In a recent press release Capcom revealed that the Resident Evil 4 remake has hit 5 million sales. This follows a galactic opening week where it hit 3 million sales in just two days, a milestone that took the original a full year to meet.
Even more surprising is the fact that Resident Evil 4 hits this record an entire two months ahead of schedule when compared to its main series sibling Resident Evil: Village. That game took close to six months to hit the same number, even though it was beating records as the fastest-selling Resident Evil game in the series.
Capcom puts this victory down to a "highly positive reception from customers as well as with the release of The Mercenaries", which is a DLC mode from the first game where you get to mow down hordes as a wider cast of characters.
While it's yet to be updated at the time of writing, this milestone improves its ranking on Capcom's shiny list of platinum titles, sandwiching it between Monster Hunter Rise: Sunbreak and Resident Evil 2 at number 14. Though with how quickly it's climbing I don't think it'll stop there for long, considering the Resident Evil 2 Remake has a cosy spot at number four.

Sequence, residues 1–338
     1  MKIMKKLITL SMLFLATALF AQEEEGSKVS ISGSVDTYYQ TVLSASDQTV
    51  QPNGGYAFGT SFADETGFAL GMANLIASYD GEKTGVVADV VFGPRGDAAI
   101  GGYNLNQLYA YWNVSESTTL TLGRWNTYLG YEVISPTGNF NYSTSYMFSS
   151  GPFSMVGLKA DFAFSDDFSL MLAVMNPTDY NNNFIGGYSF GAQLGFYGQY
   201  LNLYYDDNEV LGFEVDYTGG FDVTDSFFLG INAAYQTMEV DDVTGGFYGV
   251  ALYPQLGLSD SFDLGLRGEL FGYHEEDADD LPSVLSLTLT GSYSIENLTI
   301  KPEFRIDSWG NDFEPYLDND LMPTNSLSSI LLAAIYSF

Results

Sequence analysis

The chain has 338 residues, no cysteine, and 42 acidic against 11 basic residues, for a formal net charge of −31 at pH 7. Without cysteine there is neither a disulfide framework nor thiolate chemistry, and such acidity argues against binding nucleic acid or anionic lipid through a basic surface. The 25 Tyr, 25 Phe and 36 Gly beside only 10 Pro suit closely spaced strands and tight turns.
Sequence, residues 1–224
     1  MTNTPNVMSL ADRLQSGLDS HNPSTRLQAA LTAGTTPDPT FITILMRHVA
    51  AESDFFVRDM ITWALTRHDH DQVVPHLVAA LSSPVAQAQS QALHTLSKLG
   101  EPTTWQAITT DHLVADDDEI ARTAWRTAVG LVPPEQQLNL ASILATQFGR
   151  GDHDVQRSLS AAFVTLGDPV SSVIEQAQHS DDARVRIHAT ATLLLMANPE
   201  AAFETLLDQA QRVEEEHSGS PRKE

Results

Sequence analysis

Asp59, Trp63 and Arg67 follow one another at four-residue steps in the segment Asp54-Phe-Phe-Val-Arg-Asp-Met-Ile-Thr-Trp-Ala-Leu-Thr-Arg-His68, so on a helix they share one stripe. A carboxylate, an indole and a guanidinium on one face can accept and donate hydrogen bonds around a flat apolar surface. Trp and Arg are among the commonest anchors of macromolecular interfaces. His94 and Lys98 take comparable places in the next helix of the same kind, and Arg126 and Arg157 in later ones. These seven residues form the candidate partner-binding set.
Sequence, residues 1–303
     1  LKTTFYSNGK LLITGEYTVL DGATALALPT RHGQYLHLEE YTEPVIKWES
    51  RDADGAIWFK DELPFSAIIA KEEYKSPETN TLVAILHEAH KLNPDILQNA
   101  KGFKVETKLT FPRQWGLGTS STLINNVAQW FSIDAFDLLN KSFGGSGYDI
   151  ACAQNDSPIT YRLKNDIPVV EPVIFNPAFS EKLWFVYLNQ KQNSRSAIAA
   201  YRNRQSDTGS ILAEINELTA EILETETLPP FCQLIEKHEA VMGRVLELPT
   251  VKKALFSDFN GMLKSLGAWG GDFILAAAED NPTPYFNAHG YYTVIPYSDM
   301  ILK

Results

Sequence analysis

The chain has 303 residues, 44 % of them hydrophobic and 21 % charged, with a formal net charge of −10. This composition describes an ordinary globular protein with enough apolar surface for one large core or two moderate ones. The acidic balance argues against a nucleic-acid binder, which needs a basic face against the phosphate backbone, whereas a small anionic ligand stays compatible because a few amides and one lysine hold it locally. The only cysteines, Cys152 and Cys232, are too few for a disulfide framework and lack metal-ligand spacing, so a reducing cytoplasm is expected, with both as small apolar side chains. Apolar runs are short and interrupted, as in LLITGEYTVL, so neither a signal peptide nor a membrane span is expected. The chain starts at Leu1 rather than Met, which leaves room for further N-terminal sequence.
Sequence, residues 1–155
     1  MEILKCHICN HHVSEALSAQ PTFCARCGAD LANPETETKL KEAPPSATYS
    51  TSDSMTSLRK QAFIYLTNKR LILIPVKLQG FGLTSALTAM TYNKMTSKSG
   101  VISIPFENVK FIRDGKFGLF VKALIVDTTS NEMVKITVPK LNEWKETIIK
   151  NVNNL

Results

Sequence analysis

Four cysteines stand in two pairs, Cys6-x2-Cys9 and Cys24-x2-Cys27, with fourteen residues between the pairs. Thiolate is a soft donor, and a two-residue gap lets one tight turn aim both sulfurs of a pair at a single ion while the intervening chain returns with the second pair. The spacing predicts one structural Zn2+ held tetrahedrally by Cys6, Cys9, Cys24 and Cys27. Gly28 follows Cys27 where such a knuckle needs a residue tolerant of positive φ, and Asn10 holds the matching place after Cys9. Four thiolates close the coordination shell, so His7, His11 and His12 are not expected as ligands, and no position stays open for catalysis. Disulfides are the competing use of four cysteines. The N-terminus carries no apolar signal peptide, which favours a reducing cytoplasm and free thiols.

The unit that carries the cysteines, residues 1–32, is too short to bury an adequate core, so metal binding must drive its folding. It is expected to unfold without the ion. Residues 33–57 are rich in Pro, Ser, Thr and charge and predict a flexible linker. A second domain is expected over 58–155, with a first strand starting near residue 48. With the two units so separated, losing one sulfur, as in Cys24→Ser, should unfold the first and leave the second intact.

The original Resident Evil 4 has a nigh-holy place in the third-person shooter canon, inspiring games like Dead Space, Gears of War, and even the Uncharted series. Meanwhile, while Resident Evil: Village was well-received on launch—including by PC Gamer's Andy Kelly—it just doesn't have that kind of legacy behind it.
This also signals, perhaps, a desire for a more classic Resident Evil experience. Both Village and its predecessor are first-person games. They've both sold excellently, but the popularity of Capcom's remakes shows the staying power of over-the-shoulder nostalgia. Besides—Ethan Winters is fun, but Leon Kennedy might be the prettiest man in horror gaming. That's probably not relevant to the sales figures, I just think it's an important footnote.
Capcom finished the press release with a promise to continue "leveraging its industry-leading game development capabilities in order to create highly entertaining gameplay experiences," which is business speak for 'we're going to keep making killer survival horror games'.